MNN Column July 2008

Hensci. Feeling homesick about now. I’d like to get back for Green Corn. It’s expensive to go anywhere. Airfares from Hawaii have doubled since last year. Gas prices are outrageous. Someone’s getting rich. “I’ll pay for a tank of gas”, I told my daughter when she headed to Tempe to take my granddaughter for an ASU Indian student orientation a few weeks ago. I got the bill. It was almost two hundred dollars for one fill-up. Her vehicle has to hold five kids, the two step-grandkids she’s taking care of, and her husband. Cars are being made that run on air. Why not political hot air? There’s always plenty of that blowing around.
I’m down here in San Diego for the Autry Native Voices Playwrights Retreat with three other playwrights, Diane Glancy (Cherokee), Laura Shamas (Chickasaw) and Julie Little Thunder, another Creek. The playwrights chosen in the competition this year happened to be all women. Little Thunder’s play is The Girl Who Was Captured by Ghosts, about a Cheyenne woman dealing with breast cancer. The story is powerful and evocative. We are being given support to develop our stories through the assistance of a wonderful program for native theater built by Randy Reinholtz (Choctaw) and Jean Bruce Scott. We will do a reading of our plays in Los Angeles at the Wells Fargo Theater.

Arigon Starr is here acting in two of the plays, and as always, is larger than life. She’s also rehearsing her Red Road play, a one-woman show in which she plays eleven characters, and just returned from a successful Australian road tour. I also hear on the estv cate grapevine that she did a great job mc-ing and performing at the Creek Festival this year.

One of the actors, Robert Owens-Graygrass (Lakota) told us the strange story of how his son and granddaughter were in a pile up. His son drove around a corner and saw a car that had just rolled out of control. Just then his car went into a spin and rolled several times over the car that had rolled off the road. No one was hurt, just bruises and a little shock. Then, yet another car came around and rolled over their cars! They were all right, yet all three cars were totaled! Everyday he prays for his children and grandchildren. Those prayers must have helped, he said. Grandpa prayers are some of the strongest, I think.
And a final thought--about honor, came to me the other morning: Honor everyone who crosses your path. Everyone includes time as a person or persons. It includes sky, earth, air, water and other elemental beings. It includes your body. Think kindly; think light. Even each email, text, each word is a transmission. Each transaction brings either light or confusion. Paying attention is honoring. Even a roly-poly bug taught me about honoring. I saw one making his way across the bathroom of my hotel room in Kolkata, India. I’ve always liked them. I went into my light body; then we were equal. Then I saw the light around him, and the light trail his path made across the bathroom floor.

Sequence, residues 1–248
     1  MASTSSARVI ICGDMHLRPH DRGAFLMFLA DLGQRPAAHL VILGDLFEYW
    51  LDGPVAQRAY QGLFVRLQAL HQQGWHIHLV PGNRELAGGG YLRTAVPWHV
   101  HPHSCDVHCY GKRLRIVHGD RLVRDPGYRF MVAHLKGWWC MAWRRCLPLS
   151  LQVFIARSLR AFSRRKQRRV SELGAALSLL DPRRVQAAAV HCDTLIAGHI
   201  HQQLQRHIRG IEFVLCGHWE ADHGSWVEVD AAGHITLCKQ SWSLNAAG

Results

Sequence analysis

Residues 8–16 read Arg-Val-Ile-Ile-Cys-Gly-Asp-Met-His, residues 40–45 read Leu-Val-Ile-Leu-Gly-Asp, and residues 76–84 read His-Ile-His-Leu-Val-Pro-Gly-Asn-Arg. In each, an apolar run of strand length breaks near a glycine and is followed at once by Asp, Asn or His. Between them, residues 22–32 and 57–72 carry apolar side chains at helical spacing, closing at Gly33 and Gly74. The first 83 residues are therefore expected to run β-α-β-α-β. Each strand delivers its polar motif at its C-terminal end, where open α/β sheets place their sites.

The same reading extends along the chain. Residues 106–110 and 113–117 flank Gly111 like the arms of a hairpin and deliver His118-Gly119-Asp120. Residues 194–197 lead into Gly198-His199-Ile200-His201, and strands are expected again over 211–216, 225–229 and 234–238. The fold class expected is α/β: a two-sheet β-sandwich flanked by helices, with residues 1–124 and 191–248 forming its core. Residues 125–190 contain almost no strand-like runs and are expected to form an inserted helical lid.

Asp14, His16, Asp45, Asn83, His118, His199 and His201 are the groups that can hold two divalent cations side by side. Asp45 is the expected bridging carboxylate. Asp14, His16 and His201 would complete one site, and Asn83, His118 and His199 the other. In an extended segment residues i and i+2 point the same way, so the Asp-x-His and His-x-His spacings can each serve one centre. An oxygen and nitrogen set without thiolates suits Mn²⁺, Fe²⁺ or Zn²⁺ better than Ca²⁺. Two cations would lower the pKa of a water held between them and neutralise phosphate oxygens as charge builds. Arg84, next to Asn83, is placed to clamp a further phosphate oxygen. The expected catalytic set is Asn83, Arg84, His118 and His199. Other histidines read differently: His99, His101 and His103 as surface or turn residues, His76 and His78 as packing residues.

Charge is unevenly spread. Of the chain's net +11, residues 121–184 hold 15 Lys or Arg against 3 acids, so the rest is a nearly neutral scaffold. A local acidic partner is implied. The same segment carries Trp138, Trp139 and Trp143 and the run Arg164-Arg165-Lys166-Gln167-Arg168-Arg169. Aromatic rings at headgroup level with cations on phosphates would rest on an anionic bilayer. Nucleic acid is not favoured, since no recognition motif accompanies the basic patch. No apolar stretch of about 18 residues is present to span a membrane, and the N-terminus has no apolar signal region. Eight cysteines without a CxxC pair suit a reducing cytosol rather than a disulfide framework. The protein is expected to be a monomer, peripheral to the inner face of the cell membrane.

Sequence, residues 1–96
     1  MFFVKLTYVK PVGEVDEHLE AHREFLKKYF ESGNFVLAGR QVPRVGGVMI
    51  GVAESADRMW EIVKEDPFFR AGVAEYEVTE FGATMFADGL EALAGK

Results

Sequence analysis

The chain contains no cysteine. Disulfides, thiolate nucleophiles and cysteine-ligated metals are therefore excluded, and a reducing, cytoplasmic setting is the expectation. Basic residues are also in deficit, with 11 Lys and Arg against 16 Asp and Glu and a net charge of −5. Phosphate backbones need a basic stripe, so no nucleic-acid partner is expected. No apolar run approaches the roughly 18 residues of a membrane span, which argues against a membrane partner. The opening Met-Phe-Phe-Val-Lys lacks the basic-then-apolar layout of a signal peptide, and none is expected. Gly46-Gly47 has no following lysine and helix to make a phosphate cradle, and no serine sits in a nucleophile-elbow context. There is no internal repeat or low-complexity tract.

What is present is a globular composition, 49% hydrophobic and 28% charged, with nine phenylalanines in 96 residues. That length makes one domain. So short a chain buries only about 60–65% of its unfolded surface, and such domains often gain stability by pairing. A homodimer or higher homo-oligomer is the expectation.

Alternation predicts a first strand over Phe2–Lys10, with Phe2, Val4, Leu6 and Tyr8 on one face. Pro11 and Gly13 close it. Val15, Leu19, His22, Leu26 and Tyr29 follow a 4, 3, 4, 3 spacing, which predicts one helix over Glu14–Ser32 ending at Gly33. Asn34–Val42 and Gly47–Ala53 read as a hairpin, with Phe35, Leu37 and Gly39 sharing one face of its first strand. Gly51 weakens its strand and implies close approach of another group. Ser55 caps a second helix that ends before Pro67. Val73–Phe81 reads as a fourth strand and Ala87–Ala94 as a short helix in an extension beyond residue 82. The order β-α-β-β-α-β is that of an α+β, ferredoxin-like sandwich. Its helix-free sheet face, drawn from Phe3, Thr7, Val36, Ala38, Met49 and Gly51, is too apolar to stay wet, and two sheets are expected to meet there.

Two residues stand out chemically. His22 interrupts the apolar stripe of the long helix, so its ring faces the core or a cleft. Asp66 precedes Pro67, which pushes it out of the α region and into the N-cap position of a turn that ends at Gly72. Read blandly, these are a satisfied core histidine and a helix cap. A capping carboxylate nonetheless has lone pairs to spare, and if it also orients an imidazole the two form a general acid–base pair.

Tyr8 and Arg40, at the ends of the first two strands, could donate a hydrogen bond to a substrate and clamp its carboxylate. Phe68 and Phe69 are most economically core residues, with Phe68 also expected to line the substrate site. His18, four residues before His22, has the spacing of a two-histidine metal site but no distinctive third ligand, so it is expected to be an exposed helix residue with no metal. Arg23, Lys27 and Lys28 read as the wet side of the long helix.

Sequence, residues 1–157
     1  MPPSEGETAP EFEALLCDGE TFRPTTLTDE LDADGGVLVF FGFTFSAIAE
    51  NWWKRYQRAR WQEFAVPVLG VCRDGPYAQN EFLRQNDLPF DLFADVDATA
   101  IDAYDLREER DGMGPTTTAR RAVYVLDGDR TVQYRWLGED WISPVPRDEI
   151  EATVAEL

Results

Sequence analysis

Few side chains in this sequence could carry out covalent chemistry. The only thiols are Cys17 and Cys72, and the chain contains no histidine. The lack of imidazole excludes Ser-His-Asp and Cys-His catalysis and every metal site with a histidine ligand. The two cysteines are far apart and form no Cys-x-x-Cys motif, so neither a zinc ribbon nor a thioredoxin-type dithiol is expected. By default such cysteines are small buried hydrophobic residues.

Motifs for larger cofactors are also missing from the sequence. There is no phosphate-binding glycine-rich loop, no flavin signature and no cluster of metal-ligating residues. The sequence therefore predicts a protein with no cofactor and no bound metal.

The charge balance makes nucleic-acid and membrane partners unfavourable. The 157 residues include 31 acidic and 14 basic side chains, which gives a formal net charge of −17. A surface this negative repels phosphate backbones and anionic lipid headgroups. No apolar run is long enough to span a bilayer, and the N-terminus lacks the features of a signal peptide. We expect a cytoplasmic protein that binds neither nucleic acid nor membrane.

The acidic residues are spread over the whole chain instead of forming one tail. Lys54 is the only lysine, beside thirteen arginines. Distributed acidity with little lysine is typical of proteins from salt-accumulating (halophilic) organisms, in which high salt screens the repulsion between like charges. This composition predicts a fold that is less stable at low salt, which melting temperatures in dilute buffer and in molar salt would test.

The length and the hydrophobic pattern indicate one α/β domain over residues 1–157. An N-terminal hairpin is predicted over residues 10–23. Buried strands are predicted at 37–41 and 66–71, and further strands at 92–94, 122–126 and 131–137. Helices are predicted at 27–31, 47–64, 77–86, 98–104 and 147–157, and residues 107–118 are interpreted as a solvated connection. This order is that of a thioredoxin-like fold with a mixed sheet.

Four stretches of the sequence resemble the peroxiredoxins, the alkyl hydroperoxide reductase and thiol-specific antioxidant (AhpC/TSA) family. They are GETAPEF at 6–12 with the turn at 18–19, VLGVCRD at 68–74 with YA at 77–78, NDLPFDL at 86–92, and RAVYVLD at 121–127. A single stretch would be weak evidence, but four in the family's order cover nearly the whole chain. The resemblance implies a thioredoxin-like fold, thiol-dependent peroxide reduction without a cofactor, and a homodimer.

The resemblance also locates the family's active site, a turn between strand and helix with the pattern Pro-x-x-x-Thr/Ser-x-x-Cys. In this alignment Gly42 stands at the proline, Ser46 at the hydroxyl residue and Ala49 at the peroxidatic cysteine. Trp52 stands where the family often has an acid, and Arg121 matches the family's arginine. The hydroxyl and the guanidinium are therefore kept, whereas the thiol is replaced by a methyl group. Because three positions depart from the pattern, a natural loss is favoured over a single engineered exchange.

Chip said...

Heh-- that's some unusual thing, the three cars all smacking into each other so they're all upright by the end. : )

I'm the editor of a magazine and I'd like to republish one of your poems in our next issue: "Reconciliation: A Prayer." Unfortunately I'm new to this, and I'm rather confused about who I should be speaking with! If I might ask, should I be contacting you about reprint permission?

Thanks for whatever help you could give me!


Joyce Ellen Davis said...

Watched your show last night in Salt Lake City ~ We Shall Remain, Dewey Lecture, & enjoyed it tremendously. I have been a long time fan of your work. I noticed the fantastic tattoo on your right hand, but was a little shy to ask about it during the Q & A. So I still wonder what's with the tat?

I admire your philosophy, your prose and your poetry. Great blog! I'll write up last night's performance on mine today. Thanks again for coming to Salt Lake and giving us a great show.

Bishop Dan said...

Resonating with what you say about honoring. Today in Los Angeles I will read your poem, The Path To The Milky Way leads through Los Angeles to the Western Episcopal Bishops at Morning Prayer. It fits with today's saint Aelred who taught the value of special relationships -- valuing each other for our unique selves. Honor everyone, actually each one, not in general but specially. Thanks for the poems.

Bishop Dan said...

Resonating with your words about honoring. Today in Los Angeles I will read your poem The Path To The Milky Way Leads Through Los Angeles to the Western Episcopal Bishops at Morning Prayer. It fits with the teachings of today's saint (Aelred) honoring particularity, the shiny things Crow finds in human trash. Thank you for the poems.